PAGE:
Stock market is overvalued, overbought and overbullish, according to Hussman

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The following paragraphs come courtesy of John Hussman’s latest weekly newsletter, The rubber hits the road, and are published below with the necessary permission.

“Last week, we observed a subtle shift in yield pressures, which has historically been associated with fairly abrupt ‘air pockets’ in which stocks have typically lost 10% or more within the span of about six weeks. As usual, this isn’t a forecast, but given that we are already defensive on the basis of broader considerations about overvaluation and the overbought status of the market, the pressures we’re seeing on the yield front make our aversion to market risk somewhat more pointed.

“Consider the following conditions: 1) market valuations above their historical norm by any amount at all – for example, a dividend yield on the S&P 500 anything less than 3.7%, and; 2) The 10-year Treasury bond yield and the year-over-year CPI inflation rate higher than their levels of six months earlier (regardless of whether their absolute levels have been high or low).

“If you look at market history since 1940, this condition has been in effect nearly 20% of the time. Yet this set of factors alone has made an enormous difference in the returns achieved by the market. When the above conditions have been in effect at the same time, the S&P 500 has actually lost ground on a price basis, and has delivered an annualized return of just 0.28%. In contrast, when those conditions have not been in effect, the market has advanced at an average annualized rate of 14.94%. Of course, these averages mask a lot of volatility, but it is clear that even the most basic combination of low stock yields and rising yield pressures is hostile to total returns.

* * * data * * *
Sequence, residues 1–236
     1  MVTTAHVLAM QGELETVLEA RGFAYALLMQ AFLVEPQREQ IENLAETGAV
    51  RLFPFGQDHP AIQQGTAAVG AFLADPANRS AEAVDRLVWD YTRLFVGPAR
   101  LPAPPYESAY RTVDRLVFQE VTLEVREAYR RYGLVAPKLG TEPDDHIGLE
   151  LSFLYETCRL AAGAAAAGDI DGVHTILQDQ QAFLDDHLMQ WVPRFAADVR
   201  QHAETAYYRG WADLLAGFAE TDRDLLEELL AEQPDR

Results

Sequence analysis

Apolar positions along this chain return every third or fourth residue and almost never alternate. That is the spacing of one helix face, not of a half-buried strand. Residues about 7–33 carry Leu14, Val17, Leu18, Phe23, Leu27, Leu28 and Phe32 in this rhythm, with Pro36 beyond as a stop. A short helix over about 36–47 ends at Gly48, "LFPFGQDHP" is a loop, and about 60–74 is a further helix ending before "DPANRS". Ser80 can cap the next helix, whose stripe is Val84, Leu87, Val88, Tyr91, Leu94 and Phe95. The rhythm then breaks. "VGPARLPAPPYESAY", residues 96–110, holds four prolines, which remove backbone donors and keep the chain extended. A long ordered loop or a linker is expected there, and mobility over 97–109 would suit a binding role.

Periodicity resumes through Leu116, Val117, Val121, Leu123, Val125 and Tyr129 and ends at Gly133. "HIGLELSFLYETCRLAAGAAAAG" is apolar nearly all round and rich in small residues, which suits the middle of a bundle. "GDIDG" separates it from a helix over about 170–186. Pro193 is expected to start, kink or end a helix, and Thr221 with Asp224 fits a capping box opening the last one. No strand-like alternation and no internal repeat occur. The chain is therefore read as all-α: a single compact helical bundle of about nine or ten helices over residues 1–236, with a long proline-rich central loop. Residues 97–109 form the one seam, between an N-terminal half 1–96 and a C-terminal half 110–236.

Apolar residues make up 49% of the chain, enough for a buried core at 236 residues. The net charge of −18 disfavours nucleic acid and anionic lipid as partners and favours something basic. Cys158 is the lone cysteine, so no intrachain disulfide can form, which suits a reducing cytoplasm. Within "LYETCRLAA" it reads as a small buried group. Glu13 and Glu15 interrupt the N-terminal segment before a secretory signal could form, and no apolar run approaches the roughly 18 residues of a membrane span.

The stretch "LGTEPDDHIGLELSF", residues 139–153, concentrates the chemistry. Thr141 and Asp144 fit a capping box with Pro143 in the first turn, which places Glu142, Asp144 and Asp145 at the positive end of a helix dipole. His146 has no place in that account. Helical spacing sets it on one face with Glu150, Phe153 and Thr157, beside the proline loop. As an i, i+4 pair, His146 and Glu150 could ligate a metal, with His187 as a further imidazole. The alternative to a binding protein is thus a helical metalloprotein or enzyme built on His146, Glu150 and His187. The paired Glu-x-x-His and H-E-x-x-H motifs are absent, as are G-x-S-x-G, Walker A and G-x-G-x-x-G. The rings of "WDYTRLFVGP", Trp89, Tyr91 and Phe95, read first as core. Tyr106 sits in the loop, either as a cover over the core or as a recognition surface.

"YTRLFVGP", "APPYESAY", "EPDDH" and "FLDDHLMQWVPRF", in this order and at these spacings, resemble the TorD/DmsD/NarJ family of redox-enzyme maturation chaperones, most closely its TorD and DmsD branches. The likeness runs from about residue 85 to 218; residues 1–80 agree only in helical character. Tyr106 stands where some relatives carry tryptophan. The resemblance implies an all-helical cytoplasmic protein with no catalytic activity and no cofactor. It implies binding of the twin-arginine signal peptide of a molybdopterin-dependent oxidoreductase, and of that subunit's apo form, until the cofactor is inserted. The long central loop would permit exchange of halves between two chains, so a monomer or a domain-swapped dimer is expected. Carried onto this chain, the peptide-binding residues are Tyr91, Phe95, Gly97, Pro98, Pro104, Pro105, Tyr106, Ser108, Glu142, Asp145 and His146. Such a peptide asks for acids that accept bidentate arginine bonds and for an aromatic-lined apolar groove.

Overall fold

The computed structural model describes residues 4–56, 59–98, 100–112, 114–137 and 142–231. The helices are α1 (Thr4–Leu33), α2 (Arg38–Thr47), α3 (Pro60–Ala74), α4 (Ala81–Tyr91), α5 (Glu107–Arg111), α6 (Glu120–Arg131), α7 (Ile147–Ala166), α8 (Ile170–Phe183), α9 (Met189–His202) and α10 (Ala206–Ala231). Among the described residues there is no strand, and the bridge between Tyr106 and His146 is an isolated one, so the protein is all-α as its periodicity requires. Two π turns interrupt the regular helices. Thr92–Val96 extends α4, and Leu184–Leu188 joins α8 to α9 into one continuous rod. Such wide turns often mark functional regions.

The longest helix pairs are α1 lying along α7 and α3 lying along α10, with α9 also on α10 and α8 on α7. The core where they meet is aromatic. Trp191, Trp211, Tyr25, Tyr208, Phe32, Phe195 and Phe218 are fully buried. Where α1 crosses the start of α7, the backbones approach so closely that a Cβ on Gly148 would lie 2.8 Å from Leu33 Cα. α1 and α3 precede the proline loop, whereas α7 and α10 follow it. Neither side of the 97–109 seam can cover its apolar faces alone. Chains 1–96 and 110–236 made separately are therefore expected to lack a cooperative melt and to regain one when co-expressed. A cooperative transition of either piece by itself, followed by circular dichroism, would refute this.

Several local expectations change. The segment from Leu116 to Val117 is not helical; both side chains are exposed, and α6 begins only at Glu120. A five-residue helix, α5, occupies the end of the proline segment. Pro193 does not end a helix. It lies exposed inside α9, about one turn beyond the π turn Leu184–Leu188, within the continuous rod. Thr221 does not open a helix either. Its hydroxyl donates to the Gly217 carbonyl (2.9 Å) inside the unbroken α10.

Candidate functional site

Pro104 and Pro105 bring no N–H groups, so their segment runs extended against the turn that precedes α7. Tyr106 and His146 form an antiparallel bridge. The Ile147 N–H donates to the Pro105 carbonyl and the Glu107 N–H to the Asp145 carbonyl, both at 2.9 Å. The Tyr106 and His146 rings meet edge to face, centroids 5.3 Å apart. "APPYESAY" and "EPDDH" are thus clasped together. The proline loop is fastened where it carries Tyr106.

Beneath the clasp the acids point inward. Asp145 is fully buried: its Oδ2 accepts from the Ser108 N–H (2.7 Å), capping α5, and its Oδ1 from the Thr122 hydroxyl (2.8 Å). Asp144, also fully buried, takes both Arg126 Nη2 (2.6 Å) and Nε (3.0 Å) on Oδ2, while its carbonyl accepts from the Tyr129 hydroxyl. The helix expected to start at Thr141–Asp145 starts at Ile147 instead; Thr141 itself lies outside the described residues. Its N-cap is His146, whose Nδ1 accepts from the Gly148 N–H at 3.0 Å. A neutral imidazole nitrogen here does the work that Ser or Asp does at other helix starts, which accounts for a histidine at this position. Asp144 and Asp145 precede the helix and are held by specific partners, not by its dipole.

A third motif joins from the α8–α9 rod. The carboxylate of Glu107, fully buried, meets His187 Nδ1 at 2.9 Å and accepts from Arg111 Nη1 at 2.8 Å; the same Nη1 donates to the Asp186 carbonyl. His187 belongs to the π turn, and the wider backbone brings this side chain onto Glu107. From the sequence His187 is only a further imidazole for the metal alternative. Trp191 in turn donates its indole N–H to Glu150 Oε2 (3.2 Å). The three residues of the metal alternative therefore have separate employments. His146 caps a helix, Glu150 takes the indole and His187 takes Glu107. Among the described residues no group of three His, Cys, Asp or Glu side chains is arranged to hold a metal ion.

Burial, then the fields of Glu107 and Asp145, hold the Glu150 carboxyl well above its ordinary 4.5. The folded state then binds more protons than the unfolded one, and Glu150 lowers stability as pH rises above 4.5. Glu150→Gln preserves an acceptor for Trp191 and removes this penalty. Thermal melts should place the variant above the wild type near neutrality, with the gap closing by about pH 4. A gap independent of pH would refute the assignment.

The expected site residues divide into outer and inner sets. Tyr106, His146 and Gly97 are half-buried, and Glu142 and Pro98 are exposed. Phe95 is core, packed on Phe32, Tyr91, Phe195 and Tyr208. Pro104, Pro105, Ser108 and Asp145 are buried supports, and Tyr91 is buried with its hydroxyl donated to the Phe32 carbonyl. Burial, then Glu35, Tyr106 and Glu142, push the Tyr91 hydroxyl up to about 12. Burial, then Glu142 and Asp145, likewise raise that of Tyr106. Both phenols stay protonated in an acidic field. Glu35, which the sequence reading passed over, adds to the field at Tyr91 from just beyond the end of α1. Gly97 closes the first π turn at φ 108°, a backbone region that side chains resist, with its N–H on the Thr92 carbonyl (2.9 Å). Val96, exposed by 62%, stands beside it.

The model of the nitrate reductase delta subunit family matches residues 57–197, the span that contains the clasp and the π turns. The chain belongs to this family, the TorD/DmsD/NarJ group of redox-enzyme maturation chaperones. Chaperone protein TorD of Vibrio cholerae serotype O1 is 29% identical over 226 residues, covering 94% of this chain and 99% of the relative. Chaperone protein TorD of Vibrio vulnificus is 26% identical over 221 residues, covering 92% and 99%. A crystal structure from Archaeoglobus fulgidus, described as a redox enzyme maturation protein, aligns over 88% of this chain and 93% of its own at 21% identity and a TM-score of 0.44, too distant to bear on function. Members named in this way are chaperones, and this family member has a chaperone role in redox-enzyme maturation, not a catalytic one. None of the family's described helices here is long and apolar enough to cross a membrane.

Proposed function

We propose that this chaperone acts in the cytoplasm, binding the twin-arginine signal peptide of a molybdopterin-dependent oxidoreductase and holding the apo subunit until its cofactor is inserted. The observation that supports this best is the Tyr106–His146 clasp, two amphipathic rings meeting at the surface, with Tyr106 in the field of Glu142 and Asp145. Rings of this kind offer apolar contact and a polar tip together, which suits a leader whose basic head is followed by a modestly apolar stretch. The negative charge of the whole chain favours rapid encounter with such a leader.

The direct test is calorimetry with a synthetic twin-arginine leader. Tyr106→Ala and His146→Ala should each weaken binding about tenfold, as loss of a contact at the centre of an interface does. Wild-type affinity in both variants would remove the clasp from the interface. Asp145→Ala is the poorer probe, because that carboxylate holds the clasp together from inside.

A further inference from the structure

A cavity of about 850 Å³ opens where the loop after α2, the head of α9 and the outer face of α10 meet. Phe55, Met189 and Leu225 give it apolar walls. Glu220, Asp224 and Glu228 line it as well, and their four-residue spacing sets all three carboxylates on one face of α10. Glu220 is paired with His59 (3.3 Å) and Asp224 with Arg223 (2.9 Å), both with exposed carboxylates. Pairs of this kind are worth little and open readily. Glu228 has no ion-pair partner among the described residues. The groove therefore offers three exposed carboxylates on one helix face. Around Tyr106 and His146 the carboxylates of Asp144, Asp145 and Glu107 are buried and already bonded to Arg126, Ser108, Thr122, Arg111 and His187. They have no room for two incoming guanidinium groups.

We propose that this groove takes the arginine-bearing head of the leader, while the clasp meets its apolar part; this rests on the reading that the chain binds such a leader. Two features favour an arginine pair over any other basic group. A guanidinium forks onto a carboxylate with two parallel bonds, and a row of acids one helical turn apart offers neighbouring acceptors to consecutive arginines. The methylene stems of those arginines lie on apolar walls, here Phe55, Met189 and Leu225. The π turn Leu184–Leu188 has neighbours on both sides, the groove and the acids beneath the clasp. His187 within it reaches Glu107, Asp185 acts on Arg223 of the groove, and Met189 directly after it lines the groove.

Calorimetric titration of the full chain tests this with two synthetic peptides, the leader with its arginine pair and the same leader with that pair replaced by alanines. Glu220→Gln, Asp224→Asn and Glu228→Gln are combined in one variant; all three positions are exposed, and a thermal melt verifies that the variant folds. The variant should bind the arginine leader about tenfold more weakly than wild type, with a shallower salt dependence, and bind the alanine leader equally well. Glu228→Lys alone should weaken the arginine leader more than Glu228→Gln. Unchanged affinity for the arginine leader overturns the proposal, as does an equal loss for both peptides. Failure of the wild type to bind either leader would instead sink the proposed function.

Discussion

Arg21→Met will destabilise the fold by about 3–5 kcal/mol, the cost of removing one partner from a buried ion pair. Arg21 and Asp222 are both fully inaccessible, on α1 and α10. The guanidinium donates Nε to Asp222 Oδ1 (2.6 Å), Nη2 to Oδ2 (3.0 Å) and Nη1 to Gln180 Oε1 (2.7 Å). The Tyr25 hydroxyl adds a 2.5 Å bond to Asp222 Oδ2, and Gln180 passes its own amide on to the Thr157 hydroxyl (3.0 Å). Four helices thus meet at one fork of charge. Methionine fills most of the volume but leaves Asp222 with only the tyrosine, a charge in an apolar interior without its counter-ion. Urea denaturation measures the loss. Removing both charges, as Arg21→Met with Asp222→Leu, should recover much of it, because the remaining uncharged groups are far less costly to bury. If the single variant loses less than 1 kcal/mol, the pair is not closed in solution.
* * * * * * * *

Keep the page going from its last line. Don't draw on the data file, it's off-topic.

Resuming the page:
“To the above conditions, if Treasury bill yields are also higher than six months earlier (again, regardless of the absolute level of yields), the annualized return drops to -0.83%. Add a discount rate higher than six months earlier, and the annualized return drops to -2.22%.

“Now add overbought conditions (say, a 12-month advance in the S&P 500 of greater than 30%), and the annualized return turns sharply negative, to -39.17%. Overvalued, overbought conditions with rising yield pressures are trouble. Given those conditions, excessive bullishness only worsens the situation. Now, this combination of conditions has never persisted for an entire year, so the actual loss sustained by the market is not so extreme, but suffice it to say that the typical loss has been in excess of 10%.

“Based on the current overbought status of the market, there are only three similar periods that we can identify in post-war data: August-October 1999 (which was followed by an abrupt air pocket of greater than 10%), September-October 1987 (no comment required), and September-December 1955 (which was followed by a 10% correction, a brief recovery, and a secondary decline to re-test the initial low).

“Again, this is not intended as a forecast, but rather to note a historical regularity that seems relevant in a market environment where we are already defensive on the basis of other considerations.”

I have also maintained that US valuation levels are a headwind to stock market performance and will become an even bigger negative once the monetary authorities start removing the “juice”. Although overall market returns may not be exciting off these levels, old-fashioned cherry-picking of individual stocks could still yield good results.

Source: John P Hussman, Hussman Funds, March 8, 2010.

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